Knowledge for better food systems

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Food provides the nutrients we need for effective metabolic functioning. Malnutrition in all its forms is common across the globe and causes many serious health issues from conception and throughout the life course. Some 800 million people still go to bed hungry today, while around 2 billion people are now overweight or obese  these include poor people and increasingly citizens of low and middle income countries – and their numbers are growing. Overlapping with these numbers around 2 billion people suffer from micronutrient deficiencies, which cause physical and cognitive problems. Poor diets rich in processed foods and animal products and low in fruit and vegetables are now the main cause of premature deaths worldwide, implicated in diseases such as obesity, strokes, diabetes, cardiovascular disease and some cancers. In addition, our nutrition and broader health status also influence our susceptibility to infectious diseases. Diet-related health outcomes are shaped by multiple social, economic, cultural and political factors and these influences on food consumption interact with other factors (from environmental through to genetic) to influence health.

3 February 2016

This BBC News – Health article describes the new smartphone app that has been released by Public Health England (PHE) as part of its Change4Life advertising campaign. The app allows the user to scan the bar-codes of over 75,000 food and drink items and be told how much sugar the item contains, either as sugar cubes or grams.

3 February 2016

This article by the Sustainable Food Trust summarises and reviews the latest report by The Review on Antimicrobial Resistance. The author highlights the calls by the Review’s chair, Jim O’Neill, for a decreased use of antibiotics - especially those of most use in human medicine - worldwide, and presents the evidence laid out in the report and elsewhere for the link between veterinary use of antibiotics in livestock and increased antimicrobial resistance in human pathogens.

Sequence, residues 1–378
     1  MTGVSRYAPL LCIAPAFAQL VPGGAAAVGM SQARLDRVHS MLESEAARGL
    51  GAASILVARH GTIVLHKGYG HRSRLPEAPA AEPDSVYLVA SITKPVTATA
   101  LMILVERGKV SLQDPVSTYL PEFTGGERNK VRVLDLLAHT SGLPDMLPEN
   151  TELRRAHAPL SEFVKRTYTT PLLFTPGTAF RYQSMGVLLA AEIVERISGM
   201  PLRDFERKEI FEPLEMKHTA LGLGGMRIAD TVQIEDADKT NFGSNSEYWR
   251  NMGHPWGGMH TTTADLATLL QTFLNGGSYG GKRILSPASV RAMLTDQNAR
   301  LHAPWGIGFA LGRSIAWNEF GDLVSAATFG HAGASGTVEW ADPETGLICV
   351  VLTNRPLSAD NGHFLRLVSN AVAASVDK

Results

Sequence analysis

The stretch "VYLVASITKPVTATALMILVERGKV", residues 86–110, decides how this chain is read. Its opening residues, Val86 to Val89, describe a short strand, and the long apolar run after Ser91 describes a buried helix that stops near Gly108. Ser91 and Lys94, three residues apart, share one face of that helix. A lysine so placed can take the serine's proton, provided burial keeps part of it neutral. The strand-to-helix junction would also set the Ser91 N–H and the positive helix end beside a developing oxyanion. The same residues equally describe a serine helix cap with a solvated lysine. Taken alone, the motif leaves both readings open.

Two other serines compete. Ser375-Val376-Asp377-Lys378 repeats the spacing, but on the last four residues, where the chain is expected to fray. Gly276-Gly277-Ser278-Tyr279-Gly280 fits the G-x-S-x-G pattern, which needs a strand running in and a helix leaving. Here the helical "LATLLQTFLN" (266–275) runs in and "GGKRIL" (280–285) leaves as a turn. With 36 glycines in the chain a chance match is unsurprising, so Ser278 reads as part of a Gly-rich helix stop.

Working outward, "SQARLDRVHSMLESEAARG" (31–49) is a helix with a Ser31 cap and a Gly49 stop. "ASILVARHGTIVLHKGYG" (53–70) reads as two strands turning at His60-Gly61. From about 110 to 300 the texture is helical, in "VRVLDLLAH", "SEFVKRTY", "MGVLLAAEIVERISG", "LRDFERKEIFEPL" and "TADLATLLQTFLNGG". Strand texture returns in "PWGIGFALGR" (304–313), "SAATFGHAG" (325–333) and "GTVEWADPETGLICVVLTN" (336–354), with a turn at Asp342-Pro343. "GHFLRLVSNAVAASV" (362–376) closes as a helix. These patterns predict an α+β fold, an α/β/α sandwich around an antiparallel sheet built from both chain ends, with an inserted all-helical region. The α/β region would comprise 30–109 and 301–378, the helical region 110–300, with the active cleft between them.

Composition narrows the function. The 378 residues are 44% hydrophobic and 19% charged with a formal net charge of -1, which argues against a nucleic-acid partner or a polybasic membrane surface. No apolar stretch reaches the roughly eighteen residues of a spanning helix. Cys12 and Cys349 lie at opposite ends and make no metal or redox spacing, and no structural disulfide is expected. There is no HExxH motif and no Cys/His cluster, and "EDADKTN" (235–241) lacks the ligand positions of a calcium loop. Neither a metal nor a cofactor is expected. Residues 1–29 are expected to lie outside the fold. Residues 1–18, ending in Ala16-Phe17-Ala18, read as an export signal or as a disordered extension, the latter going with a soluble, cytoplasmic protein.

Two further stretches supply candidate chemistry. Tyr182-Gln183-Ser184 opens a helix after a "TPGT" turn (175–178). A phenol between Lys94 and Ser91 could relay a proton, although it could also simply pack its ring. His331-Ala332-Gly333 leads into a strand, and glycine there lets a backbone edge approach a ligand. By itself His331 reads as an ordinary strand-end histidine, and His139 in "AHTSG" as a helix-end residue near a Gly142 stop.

3 February 2016

This report by The Food Foundation describes typical British family diets, their healthiness and environmental footprint, and in particular the social and economic drivers that influence typical food choices.

18 January 2016

The director of nutrition at the UN’s Food and Agriculture Organisation (FAO) Anna Lartey warns that while addressing problems with undernutrition has long been the main focus of African countries and aid organisations, the increasing challenges related to overweight and obesity are not being given sufficient attention.

17 December 2015

This paper quantifies what the environmental impacts would be if the typical US diet were to shift in line with the USDA dietary recommendations. The paper has created a lot of interest and debate since it shows that shifting towards healthier diets in some cases can increase the energy, emission and water intensity of the diet. This is why we wanted to provide a more extensive summary and some commentary below. Please do read, share and add your own comments.

For a comment by the study's lead author Michelle Tom see here and for another comment by Professor Michael Hamm see here

17 December 2015

A new form of antibiotic resistance was recently identified and the results of the ongoing research project have been published in The Lancet Infectious Disease.  The Lancet published the paper as part of their series on antimicrobial access and resistance to coincide with the WHO’s World Antibiotic Awareness Week for Nov 16–22, 2015.

17 December 2015